John Jannuzzi, contributing digital editor, Lucky Magazine: My mother alway pushed me, harder than anybody else. She was tough on me my entire life. One of my favorite stories that my brother and I often reenact is when I was failing in school. To rebound all my bad grades, she berated me till my homework was finished. One day, there was an extra credit assignment and when asked about it I sharply replied, "it's extra credit, mom." Her answer? "Don't give a shit!" I was maybe 12. But did I do the work? Yes. She never stops pushing me, to this day.

Also, it appears I have inherited her colorful language. A family heirloom, if you will.

Our Mothers, Our Defenders

Alex Abad-Santos, The Atlantic Wire: There was no faking sick with a mother who has gone through the rigors of med school in the Philippines and was running her own practice. This is a woman who does not flinch in the face of vomit or blood. If you started talk about bodily functions, her stories could make you wish you didn't. "Oh, that's too bad, that disease is just not compatible with life," I remember her telling my sister about an illness someone we knew had.

So when my mom did let us cut the corners, we cherished it. I was 14 or so at the time, and terribly behind my Catholic Confirmation training. In order to make up service hours, I was to partake in a 30-hour pledged fast on school grounds. My mouth tasted of cheeseburger and soda when I told her this news (my mother is also a fan of In-N-Out) and showed her the form from school. She eyed the paper. She then looked at the scraggly pile of bones her 14-year-old son was, perhaps thought about what a 30-hour fast would do to him, and put her burger down. "Well ..." she said, smirking. "That's (insert Tagalog curse word) ridiculous." We giggled. We ate our burgers. She later would write a note, getting me out of most of that ordeal.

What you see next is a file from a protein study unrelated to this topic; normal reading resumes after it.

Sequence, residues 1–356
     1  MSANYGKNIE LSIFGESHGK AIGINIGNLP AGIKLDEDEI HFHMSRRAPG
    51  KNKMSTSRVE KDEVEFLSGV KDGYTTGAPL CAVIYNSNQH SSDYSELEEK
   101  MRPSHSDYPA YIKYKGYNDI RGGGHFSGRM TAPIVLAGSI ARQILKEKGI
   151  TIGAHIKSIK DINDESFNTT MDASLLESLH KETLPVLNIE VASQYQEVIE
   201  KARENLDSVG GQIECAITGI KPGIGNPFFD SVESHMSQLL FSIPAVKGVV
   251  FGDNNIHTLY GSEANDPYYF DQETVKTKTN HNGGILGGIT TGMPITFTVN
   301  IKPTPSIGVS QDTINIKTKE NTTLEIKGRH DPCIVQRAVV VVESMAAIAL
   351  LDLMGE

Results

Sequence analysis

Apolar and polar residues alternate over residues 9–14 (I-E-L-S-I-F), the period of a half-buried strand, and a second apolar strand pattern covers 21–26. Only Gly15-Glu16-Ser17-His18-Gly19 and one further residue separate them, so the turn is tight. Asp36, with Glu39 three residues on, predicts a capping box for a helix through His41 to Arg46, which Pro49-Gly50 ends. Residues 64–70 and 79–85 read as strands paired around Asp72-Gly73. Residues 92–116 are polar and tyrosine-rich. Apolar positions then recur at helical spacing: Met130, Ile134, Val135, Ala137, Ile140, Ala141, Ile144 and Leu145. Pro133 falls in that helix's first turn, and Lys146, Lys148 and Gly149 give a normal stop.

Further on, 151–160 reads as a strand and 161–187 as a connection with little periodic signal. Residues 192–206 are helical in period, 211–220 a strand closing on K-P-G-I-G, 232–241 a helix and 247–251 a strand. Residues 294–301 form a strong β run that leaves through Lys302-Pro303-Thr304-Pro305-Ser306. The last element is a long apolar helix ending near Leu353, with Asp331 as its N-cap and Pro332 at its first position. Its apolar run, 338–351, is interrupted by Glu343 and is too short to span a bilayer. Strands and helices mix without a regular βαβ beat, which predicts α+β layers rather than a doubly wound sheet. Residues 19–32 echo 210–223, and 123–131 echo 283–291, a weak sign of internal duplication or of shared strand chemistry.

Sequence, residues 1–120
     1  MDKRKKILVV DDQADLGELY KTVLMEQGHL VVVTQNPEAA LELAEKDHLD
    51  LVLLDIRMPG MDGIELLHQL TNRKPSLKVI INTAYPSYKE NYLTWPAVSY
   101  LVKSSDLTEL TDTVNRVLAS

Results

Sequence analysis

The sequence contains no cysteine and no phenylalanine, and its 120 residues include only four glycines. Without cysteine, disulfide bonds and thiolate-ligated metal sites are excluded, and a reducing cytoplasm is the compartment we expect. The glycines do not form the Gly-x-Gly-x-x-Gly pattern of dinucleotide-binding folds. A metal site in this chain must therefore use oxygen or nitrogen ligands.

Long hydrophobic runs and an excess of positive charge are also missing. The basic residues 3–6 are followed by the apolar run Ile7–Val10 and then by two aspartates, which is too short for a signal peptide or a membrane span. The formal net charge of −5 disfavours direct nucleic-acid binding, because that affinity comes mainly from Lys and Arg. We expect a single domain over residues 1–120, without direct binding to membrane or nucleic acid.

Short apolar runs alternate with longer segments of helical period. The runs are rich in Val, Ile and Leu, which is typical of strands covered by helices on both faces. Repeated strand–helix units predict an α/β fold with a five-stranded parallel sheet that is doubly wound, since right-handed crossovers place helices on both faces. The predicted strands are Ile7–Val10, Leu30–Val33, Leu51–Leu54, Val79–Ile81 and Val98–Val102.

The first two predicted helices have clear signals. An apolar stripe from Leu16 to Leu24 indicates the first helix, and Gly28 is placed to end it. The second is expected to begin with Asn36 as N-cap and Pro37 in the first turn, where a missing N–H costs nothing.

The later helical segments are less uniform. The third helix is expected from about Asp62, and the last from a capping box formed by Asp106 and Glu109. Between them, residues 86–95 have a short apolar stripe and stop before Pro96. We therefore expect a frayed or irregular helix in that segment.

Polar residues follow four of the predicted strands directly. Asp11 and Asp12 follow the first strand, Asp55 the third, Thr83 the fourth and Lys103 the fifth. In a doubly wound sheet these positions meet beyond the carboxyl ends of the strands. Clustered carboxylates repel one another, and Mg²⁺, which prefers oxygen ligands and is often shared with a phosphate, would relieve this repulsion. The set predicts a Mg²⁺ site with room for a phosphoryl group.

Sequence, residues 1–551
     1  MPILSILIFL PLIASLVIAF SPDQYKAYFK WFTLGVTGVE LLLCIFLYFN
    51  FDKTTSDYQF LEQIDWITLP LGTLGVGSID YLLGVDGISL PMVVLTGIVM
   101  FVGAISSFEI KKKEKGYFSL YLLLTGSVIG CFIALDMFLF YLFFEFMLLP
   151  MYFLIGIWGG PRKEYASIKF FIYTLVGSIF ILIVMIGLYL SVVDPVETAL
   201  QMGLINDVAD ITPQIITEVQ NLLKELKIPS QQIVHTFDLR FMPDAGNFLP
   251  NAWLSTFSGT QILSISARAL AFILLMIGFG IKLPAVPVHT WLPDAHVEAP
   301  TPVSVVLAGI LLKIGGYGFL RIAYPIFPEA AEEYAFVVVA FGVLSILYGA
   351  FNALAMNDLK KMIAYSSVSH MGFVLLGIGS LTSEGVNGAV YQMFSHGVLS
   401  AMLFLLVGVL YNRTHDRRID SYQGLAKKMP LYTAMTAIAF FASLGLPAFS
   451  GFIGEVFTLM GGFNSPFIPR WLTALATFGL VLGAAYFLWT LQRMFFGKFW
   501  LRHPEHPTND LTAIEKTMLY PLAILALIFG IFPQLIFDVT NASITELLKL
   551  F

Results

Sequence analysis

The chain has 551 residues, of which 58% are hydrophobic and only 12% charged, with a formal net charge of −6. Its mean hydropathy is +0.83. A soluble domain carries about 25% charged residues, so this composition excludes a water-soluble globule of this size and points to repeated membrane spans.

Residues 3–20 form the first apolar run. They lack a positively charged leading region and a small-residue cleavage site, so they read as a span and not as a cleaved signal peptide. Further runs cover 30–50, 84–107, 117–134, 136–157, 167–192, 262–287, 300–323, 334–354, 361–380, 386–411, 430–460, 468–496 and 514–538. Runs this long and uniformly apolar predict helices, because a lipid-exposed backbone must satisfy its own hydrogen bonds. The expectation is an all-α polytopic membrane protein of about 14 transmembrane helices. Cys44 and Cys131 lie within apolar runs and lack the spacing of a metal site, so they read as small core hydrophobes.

Our Mothers, Arbiters of Taste

Sarah Horne Grose, executive editor The Upswing, a soon-to-launch online magazine (her mom is the one in the awesome coat): My mom taught me to be insanely frugal about boring, everyday purchases, and insanely extravagant about the stuff that matters. To this day, when my mom goes to a fancy coffee shop, she will take a fistful of those little packets of raw sugar, then turn to me to ask if I too would like to steal a fistful, so the packets can burst in my purse. She does this somewhat furtively, as if the baristas are onto us (and they probably are.) This whole melodrama saves us each about a buck. She is big on other sorts of freebies too, like, say, the little bottles of L’Occitane Verbena Body Lotion you get at hotels. I now have some 200 of them under my bathroom cabinet, and can’t resist taking more every time I go on a trip. It’s probably genetic.

On the other hand, when my mother sees something she deems to be important: a limited edition art book so heavy it could double as a weapon, a rare Inuit sculpture of a walrus, or an antique child’s shoe from Japan, she’ll buy it without a moment’s hesitation. Even when these purchases extend into the four-figures, she will get a gleam in her eye that says, “I got a bargain.” She will, in fact, brag to me that she got a 7-pack of Tupperware at her local Walgreens for 99 cents, and in the next breath tell me I should start collecting art. This is probably why I will smuggle a bag of pre-popped Newman’s Own popcorn into the movie theatre in my purse, but don’t so much as flinch when I click purchase on the pair of tickets to India that cost more than a month’s rent. My 9-month-old son is often garbed in hand-me-downs, but I don’t think twice about a beautiful handmade baby book. To my mother, and now to me, objects of beauty and indelible experiences matter; plush paper towels do not. 

Our Mothers, Our Gchat Therapists

Esther Zuckerman, The Atlantic Wire: My mom and I are in constant contact—on Gchat. A "Darlene Kaplan" Gchat window usually pops up around 8:30 a.m. ET (she's on the West Coast, but gets up absurdly early) just to say "morning." One morning not too long ago it was nearly 10 a.m., and I started to get worried so I texted. She was just "slow getting to the computer." 

On Gchat my mom serves as my best friend and my therapist. Sometimes our Gchats are about funny things we see online, sometimes they are about stresses in our lives and work (more about mine than hers, admittedly, but she's good to me that way). You hear a lot of complaints about parents adopting Facebook and other modern contrivances, but I wouldn't give up my Gchats with my mom for anything.

Our Mothers, Our Inspirations